It is well known that Lake County had a significant role in the early chapters of the Western Reserve and American history. What is not as well known is a little piece of history found on 12951 Seeley Road just east of Painesville. A marker #43-1 officially designates it as Indian Point Fort. It is the site of the Prehistoric Erie and it is the earliest architectural works site found in Ohio. The fortification was built sometime after 1200 A.D. The Erie Indians, also known as the Whittlesey Culture (geologist-archeologist Charles Whittlesey) had a presence in the area through 1653. It is generally reported that the Erie Indians demise came at the hands of the Iroquois. Their fortification is along a 100' ridge at Paine Creek and the Grand River. Two parallel mounds of earthworks are still present. Today, visitors may view both sites as they hike the trails of this 408 acre Lake Metroparks property.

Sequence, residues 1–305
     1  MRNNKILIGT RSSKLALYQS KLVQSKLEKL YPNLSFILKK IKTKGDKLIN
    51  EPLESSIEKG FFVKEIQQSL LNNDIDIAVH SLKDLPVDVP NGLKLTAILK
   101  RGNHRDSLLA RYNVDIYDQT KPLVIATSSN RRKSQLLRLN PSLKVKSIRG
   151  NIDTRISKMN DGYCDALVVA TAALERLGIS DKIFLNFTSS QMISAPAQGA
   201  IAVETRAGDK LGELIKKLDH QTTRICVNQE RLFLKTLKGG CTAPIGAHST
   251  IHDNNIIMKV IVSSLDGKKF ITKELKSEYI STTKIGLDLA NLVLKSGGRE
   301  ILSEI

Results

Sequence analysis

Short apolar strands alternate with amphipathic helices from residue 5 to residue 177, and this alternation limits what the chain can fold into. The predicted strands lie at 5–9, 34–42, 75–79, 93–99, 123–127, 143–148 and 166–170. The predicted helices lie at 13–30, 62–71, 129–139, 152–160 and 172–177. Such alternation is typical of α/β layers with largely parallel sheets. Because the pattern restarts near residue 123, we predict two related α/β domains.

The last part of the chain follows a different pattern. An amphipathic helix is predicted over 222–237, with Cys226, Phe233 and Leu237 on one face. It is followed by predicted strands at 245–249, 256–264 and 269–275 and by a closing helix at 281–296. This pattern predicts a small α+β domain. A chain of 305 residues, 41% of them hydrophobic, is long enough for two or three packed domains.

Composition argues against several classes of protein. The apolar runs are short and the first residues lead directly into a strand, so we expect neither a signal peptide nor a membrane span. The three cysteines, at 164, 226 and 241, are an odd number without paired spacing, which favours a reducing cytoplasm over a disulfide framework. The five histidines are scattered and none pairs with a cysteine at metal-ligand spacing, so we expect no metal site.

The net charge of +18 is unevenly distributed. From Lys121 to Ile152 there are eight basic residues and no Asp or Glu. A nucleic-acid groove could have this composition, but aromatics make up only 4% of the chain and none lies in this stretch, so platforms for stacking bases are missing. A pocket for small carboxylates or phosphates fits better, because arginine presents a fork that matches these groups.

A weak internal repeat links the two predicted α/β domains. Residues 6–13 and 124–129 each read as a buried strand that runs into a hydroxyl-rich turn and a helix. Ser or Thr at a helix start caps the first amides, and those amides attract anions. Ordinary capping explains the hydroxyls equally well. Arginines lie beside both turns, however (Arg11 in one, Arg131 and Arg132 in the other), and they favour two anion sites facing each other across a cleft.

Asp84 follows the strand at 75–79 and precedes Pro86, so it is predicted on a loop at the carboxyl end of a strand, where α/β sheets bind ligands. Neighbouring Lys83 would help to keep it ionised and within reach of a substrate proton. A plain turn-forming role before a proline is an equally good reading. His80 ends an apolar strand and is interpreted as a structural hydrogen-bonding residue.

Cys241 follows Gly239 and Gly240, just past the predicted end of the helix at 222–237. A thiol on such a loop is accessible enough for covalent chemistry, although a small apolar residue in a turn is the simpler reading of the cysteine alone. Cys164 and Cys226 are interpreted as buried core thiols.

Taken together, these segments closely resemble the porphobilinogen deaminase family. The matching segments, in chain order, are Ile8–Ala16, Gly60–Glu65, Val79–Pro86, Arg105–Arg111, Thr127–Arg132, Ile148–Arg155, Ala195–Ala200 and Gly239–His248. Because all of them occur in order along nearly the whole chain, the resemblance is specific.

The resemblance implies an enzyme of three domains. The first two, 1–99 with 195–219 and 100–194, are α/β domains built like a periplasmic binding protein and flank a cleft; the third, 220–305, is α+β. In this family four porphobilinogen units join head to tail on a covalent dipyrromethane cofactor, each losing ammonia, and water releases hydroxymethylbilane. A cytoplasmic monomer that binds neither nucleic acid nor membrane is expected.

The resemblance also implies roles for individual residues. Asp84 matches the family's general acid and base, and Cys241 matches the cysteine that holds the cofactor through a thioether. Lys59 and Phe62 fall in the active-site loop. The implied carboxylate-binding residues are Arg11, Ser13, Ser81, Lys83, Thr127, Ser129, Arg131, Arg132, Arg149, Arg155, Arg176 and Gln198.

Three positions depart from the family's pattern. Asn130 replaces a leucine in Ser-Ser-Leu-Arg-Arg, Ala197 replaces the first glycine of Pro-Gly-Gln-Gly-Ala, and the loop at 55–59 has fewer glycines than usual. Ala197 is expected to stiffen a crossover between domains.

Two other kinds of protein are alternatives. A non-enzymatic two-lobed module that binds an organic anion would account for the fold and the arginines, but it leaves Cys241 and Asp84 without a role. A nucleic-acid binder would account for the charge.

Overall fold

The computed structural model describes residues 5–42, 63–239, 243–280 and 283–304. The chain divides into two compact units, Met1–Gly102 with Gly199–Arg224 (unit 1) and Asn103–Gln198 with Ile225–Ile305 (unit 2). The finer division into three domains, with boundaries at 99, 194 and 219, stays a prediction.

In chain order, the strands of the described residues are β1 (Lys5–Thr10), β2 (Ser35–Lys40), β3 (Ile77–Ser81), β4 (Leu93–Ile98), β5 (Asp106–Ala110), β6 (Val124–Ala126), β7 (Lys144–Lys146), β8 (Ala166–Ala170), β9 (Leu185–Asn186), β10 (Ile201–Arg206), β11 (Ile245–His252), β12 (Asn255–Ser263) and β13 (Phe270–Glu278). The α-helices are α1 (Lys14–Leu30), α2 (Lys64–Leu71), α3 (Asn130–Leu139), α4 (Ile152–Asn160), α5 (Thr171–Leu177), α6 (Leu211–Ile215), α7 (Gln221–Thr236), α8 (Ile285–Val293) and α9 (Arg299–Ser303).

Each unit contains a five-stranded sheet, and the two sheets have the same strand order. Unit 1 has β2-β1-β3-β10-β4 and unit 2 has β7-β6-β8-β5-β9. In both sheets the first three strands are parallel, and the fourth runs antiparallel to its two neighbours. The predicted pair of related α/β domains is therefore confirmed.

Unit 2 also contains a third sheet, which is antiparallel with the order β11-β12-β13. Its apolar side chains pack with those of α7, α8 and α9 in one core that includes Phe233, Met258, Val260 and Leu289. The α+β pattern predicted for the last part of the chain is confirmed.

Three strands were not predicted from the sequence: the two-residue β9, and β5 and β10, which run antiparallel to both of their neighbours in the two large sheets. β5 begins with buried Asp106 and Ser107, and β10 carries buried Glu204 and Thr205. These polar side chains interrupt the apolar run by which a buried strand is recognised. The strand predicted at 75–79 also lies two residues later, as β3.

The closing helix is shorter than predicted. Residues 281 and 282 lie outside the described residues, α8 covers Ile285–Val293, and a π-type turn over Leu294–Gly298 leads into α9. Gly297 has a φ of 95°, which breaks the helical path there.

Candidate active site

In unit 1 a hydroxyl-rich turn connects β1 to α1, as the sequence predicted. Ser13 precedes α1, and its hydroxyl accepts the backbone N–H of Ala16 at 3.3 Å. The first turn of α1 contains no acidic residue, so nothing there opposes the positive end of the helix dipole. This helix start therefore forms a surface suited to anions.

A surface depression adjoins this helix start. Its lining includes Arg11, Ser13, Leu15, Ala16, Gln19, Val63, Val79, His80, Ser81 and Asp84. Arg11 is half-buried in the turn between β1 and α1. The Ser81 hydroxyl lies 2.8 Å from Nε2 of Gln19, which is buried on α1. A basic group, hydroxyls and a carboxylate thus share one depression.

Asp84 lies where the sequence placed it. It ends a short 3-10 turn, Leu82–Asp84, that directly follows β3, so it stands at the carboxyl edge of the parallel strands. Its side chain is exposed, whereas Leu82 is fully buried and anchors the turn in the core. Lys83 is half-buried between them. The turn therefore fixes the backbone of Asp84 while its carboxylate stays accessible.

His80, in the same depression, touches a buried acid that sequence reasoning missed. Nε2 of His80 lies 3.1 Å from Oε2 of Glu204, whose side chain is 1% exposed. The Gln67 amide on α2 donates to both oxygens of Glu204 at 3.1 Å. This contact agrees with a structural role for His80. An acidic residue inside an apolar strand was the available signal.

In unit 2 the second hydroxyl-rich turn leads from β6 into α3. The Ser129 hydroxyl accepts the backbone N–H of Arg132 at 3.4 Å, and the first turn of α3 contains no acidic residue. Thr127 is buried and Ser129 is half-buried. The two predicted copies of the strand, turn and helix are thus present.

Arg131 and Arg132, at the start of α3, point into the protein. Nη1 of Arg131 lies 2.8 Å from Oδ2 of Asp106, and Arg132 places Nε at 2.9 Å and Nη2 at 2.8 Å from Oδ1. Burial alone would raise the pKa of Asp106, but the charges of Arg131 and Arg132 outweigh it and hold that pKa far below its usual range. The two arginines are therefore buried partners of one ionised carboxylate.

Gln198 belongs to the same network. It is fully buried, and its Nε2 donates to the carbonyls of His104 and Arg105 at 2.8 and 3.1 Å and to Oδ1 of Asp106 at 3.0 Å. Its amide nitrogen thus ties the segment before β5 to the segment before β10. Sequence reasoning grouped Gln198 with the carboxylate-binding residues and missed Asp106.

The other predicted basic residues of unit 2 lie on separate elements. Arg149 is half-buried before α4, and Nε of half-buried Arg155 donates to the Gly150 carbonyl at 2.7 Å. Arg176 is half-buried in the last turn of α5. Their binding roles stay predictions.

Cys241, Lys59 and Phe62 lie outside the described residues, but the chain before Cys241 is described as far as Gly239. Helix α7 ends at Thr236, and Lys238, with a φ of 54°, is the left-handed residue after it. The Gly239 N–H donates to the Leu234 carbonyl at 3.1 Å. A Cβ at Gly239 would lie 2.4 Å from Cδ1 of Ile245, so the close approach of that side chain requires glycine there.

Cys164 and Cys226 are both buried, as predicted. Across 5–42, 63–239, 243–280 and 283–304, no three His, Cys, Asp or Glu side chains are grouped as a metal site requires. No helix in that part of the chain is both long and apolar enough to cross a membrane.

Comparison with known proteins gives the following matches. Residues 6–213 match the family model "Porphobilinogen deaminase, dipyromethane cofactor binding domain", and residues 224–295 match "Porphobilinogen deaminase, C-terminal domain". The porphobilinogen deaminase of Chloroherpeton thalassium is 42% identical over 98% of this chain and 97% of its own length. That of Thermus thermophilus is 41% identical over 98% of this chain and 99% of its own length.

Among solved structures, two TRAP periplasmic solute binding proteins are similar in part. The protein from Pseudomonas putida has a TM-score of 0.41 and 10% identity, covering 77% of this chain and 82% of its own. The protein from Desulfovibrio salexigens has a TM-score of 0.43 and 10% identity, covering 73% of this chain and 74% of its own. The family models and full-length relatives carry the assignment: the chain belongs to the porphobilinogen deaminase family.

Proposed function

The history of this park property doesn't end with the Indian Point Fort. It seems prior to Lake Metroparks acquiring the property in 1964, some additional back story is known. The property was owned by John Phelps whose parents had it deeded to them in 1802 by the Connecticut Land Company. In 1901, Charles Lyman bought some of this property and before WWI held military camps for high school age boys there. Totem Stone carvings remain and list names from the past. A Finnish camp known as the Kaleva Lodge also occupied this site too. Its hiking trails and a stone hut sauna, dismantled in the 1970's were popular features at the lodge site.
Lake County may be Ohio's smallest county but it is remarkable when it comes to history. Lake County, Ohio has 27 historic markers to date. Indian Point Fort was the first to receive county marker designation. The year was 1964. This hidden gem is just another 'hike' into our past.